How to bring it back into balance: The way out is to cool down. The fire element is associated with the heart and mind, so a meditation to quiet the mind will help you have perspective and steadiness. Many Buddhists practice a meditation called Metta that focuses on lovingkindness. It’s particularly helpful if your fire element is out of control. Bitter foods help bring the fire element back into balance, so adding bitter greens to your diet will also cool a fire element that’s out of control. Try adding kale, arugula, or even dandelion greens to your diet.
An imbalanced earth element can lead to over-thinking and obsessive behavior. If you find yourself returning again and again to a social media conflict, obsessively Facebook stalking someone, or diving 103 weeks deep into someone's Instagram, it’s time for some self-nurturing.
How to bring it back into balance: Try eating more nourishing root vegetables such as carrots and sweet potatoes (the earth element is also associated with digestion) or reading a book for pleasure.
A strong metal element is about being principled and having integrity. The anonymity of social media can lead to behavior that would normally be out of character. If you find yourself being devious, underhanded, or less than truthful online, you may need to support your metal element.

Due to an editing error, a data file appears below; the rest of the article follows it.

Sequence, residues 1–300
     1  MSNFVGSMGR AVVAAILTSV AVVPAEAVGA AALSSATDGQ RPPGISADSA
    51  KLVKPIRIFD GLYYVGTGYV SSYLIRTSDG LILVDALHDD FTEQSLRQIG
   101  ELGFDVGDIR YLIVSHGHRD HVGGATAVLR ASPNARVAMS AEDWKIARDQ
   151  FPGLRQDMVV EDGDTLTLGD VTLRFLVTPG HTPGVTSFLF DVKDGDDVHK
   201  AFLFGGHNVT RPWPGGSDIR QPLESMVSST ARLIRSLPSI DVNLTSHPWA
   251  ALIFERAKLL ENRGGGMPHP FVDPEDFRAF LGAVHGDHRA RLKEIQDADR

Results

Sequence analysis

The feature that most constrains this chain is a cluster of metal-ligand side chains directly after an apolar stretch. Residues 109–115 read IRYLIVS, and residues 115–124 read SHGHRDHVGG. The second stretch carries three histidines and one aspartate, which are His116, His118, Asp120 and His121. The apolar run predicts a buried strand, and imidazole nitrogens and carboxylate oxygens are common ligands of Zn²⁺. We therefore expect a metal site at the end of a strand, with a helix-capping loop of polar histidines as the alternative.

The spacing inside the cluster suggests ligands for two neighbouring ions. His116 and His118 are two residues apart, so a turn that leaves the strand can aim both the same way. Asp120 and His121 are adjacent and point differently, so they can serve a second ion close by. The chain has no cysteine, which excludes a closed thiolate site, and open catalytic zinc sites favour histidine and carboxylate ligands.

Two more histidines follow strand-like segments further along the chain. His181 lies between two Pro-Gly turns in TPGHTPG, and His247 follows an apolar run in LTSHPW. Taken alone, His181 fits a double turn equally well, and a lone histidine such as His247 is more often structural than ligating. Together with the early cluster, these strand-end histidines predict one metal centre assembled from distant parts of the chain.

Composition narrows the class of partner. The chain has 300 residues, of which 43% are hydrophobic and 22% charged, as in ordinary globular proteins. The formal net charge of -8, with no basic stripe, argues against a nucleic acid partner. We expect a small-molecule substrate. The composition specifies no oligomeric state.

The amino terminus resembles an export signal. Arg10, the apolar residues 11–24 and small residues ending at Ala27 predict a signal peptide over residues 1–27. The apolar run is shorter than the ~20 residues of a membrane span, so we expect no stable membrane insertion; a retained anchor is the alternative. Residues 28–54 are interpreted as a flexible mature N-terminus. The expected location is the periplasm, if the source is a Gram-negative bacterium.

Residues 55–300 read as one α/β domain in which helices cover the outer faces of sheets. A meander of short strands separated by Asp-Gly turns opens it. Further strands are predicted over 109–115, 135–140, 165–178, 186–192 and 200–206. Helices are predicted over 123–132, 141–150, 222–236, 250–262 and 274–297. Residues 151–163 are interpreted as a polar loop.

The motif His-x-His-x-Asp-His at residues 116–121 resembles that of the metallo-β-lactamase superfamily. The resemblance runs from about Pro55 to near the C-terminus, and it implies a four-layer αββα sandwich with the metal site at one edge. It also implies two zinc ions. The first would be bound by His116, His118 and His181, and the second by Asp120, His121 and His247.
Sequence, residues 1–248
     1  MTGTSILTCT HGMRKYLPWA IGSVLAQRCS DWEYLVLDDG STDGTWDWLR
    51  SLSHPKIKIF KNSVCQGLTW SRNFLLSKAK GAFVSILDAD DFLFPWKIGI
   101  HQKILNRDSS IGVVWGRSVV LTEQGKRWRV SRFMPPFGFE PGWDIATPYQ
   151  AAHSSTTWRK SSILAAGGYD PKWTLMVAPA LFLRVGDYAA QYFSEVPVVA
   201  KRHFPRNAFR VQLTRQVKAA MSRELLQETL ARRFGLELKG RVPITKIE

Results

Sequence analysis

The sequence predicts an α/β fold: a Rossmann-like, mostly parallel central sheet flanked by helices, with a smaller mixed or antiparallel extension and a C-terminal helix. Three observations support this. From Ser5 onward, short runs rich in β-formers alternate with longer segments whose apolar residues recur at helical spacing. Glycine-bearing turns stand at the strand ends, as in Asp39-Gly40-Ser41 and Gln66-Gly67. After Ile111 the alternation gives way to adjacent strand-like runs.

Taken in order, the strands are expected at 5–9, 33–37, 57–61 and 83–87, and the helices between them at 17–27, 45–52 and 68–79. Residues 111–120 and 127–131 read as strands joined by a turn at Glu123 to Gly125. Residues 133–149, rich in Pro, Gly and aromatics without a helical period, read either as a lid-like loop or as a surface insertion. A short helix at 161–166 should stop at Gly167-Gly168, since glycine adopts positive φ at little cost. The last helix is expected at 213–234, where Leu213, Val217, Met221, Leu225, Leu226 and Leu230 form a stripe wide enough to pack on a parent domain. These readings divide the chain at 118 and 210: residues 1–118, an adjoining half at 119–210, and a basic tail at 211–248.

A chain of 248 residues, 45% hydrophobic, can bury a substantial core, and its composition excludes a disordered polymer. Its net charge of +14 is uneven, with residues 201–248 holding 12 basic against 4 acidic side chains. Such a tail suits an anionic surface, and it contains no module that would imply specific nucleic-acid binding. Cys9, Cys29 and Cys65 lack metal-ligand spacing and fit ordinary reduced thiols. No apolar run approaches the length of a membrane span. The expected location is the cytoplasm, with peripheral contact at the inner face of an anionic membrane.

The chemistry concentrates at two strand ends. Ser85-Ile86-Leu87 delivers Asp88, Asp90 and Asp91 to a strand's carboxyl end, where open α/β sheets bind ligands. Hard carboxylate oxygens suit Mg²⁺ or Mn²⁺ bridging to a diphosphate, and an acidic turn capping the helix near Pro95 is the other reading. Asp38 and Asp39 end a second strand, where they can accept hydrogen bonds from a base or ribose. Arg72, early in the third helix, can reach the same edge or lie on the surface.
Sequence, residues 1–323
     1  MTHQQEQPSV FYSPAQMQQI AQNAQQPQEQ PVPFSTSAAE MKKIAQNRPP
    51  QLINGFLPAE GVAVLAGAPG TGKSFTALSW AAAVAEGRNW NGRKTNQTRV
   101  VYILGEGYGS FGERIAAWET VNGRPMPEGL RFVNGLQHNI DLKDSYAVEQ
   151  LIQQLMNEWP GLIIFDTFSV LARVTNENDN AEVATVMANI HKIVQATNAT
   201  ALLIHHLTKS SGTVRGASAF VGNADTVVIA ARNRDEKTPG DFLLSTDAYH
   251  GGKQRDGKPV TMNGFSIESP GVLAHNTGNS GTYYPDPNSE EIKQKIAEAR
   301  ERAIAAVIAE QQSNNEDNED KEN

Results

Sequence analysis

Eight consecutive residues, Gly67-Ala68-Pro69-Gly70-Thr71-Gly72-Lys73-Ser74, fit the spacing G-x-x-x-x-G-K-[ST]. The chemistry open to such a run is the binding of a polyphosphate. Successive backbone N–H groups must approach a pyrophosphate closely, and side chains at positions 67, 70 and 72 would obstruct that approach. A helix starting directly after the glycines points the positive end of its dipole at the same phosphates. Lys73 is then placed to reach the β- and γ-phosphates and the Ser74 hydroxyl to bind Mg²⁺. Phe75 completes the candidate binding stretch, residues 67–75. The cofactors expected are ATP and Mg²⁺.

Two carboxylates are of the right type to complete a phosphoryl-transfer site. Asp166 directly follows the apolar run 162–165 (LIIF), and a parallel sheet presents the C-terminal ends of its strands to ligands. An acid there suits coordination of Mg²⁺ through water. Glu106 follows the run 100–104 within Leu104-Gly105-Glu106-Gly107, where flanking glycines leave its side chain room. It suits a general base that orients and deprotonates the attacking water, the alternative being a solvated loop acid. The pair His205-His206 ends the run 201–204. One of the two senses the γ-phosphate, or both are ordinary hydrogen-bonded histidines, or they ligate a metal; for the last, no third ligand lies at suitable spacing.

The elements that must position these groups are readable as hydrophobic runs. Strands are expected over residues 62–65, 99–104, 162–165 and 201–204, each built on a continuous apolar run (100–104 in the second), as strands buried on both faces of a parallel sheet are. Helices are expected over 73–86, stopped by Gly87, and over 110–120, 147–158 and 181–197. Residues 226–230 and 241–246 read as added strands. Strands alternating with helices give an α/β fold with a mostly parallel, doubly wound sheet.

How to bring it back into balance: Look no further than your breath. The metal element is associated with the lungs, and breathing exercises will bring you back to your center and remind you who you really are. (Hint: It’s not this crazy version of yourself!) Spicy foods support the metal element, so it may be time to make a curry or add some extra hot sauce to your food.
The water element is what gives us our identity. It’s at the root of who we really are. Social media encourages people to create false or idealized versions of themselves to impress other people. Many of us have scrolled through Instagram and felt inferior while looking at photos of other people’s seemingly perfect lives.
How to bring it back into balance: If you're feeling Insta-envy on a regular basis, then support your water element by giving extra care to the organ associated with it: the kidney. Try this qi gong exercise: Place your hands on your lower back and rub this area, creating a sense of warmth. This stimulates the kidneys, which in turn supports your sense of self. Salty foods bring the water element back into balance, too. Look for foods that are naturally salty such as celery or seafood.
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Dr. Jill Blakeway, DACM, is a practitioner and teacher of Chinese Medicine and the founder and clinic director of the YinOva Center in New York City.
Jill is the author of Making Babies: A Proven 3-Month Program for Maximum Fertility and Sex Again: Recharging Your Libido. She's currently writing her third book, about energy healing, for Harper Collins.
What should Jill write about next? Send your questions and suggestions to firstname.lastname@example.org.